Four of the organizations we visited did not rely on traditional advertising or pre-roll for revenue. FRONTLINE  receives funding from foundations and viewers. Like, FRONTLINE NPR also raises money from funders and audience donations. MediaStorm has a five-point revenue strategy that includes pay-per-view, training, software licensing, syndication, and client work. Vice, even with more than 4.5 million subscribers on Youtube, still makes much of its money on sponsored content. These organizations are all operating in the black, and they hint at possible models for other news organizations.

Video Now  is divided into five sections: Purpose & Methodology, Newspapers, Digital, Long Form, and Recommendations. One caveat: video news departments iterate constantly (sometimes monthly), so the information and analysis presented here will age quickly. But, as of Spring 2014, this is an accurate look at the video strategies of leading newspapers, digital organizations, and long form video news producers.

See the full report at: videonow.towcenter.org

A TEXT POST

Fixing C100 Audio Problems

In my last post, I showed you how to turn the Sony A7 into a fully functional video camera using the Sound Devices MixPre-D Mixer. In this video, I show you how to improve audio handling on the Canon C100 using MixPre-D as well.

The C100 is a great camera (great ergonomics, great lowlight performance), but it suffers in terms of the audio controls.  The gain dials on the camera’s top handle are awkward to manage, especially in run-and-gun situations.  By adding the MixPre-D, you’ll be able to manage and monitor audio going into the C100 much more easily and effectively.

Here’s the full list of gear you’ll need:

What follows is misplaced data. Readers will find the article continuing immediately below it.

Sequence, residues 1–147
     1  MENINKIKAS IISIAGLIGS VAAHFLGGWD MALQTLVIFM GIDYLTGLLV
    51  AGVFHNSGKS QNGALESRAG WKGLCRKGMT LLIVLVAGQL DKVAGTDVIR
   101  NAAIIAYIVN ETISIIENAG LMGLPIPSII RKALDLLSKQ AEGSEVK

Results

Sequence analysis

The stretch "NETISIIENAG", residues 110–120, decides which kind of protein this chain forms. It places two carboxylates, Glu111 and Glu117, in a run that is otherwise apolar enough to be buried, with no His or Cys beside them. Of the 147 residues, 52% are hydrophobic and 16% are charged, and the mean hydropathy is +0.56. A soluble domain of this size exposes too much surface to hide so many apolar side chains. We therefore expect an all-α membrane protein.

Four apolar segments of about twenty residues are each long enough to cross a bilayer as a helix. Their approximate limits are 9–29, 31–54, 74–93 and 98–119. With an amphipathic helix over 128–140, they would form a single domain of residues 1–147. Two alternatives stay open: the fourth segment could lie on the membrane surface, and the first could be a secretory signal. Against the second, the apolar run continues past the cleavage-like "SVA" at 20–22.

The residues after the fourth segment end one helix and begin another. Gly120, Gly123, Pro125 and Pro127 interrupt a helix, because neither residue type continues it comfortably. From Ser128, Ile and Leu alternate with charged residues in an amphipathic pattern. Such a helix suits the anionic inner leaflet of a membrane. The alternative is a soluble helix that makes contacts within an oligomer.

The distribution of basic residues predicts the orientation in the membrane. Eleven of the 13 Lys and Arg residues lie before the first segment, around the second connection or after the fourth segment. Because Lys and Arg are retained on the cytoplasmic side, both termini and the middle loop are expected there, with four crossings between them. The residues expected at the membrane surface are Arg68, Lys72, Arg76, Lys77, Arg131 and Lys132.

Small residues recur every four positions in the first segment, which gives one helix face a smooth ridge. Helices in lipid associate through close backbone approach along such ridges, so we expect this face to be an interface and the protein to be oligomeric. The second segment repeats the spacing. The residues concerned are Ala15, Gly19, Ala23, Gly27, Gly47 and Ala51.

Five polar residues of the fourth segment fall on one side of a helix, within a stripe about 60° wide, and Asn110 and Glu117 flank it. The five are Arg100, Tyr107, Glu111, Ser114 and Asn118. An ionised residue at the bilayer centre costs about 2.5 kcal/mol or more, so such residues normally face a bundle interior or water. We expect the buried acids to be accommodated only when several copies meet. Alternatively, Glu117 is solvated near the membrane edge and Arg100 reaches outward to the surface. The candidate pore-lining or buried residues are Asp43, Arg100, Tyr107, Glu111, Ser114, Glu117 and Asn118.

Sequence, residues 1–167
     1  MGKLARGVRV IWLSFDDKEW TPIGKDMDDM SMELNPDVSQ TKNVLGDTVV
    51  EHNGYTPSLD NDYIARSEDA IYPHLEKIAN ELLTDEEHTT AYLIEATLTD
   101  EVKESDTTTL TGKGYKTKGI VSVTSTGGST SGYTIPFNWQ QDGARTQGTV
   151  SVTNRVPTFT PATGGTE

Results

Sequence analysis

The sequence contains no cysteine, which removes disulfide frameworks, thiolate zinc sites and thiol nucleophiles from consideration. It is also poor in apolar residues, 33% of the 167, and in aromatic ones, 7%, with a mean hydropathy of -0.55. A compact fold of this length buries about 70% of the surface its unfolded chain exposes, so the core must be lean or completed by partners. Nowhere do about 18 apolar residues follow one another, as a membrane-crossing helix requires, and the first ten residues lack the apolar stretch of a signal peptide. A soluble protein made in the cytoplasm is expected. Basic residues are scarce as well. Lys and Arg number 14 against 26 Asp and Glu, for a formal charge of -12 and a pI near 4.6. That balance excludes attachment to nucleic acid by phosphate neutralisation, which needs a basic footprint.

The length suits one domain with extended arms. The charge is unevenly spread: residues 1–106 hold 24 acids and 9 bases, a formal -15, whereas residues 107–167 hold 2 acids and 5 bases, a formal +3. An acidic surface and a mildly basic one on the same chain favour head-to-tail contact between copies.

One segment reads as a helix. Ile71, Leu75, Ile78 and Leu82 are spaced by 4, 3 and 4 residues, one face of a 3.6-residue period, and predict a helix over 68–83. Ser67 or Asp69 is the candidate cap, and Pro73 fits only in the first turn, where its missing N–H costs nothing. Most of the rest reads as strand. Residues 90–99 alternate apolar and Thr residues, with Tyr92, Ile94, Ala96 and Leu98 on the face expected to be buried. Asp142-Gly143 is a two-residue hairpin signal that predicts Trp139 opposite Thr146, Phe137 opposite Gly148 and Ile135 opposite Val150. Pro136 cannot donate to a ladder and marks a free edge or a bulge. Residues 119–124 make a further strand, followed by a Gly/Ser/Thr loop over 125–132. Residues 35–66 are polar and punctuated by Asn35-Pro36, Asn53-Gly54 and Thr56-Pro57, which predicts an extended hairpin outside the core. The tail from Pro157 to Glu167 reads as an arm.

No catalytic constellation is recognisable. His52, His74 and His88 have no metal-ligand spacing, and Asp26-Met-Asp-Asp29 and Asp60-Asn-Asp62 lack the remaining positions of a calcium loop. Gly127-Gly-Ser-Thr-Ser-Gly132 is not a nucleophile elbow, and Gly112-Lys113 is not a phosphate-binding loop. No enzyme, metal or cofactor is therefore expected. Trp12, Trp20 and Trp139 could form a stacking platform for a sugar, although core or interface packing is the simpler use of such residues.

Canon C100

Sound Devices MixPre-D Mixer

Sound Devices XL3 Cable

Happy shooting,

Duy

A TEXT POST

Adding XLR Inputs to the Sony A7 with the Sound Devices MixPre-D

The Sony A7 is a fantastic camera for stills.  It is even better for video.  The A7 has many features that shooters are looking for in high-end video cameras:  peaking, zebras, audio meters, microphone input, headphone jack, and an articulating screen.  The biggest downside of the A7 is its lack of XLR inputs.  You can not connect high-quality microphones to the camera or manage audio levels easily.  Sound Devices’s MixPre-D is the answer to this problem.   

Here is a quick tutorial on how connect the A7 and MixPre-D to create a fully-functioning video camera.  This set up allows you to connect two microphones with XLR connections, manage audio levels with real knobs (rather than buttons or menu items), and monitor the audio that you are recording.

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First, you need to get this gear:

Sony Alpha a7 Mirrorless Digital Camera with FE 28-70mm f/3.5-5.6 OSS Lens

Sound Devices MixPre-D Compact Field Mixer

Sound Devices XL3 Mini Male to TA3-F Connector Cable

Hosa Technology Stereo Mini Angled Male to Stereo Angled Mini Male Cable - 8

Step 1:  Mount the Sony A7 to the MixPre-D using the MixPre-D’s bracket.

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Step 2:  Connect the XL3 cable to the MixPre-D’s unbalanced out jack.

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Step 3:  Connect the miniplug side of the XL3 cable into the A7’s microphone jack.

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Step 4:  Connect the mini-to-mini cable to the A7’s headphone jack.

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Step 5:  Connect the other end of the mini-to-mini cable to the MixPre-D’s Tape Return.  This will allow you to monitor what’s being recorded into the A7 and to adjust the headphone volume on the MixPre-D.

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Step 6.  Send slate tone from the MixPre-D to the A7 to make sure the A7’s internal gain levels are at the appropriate level.  Now, you have a fully functioning camera that shoots great video and records high-quality audio.

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I love this set up.  It is light, compact, and allows you to record high-quality audio into your MixPre-D without having to sync audio later.

Happy Shooting.

- Duy

Photos: Adam Perez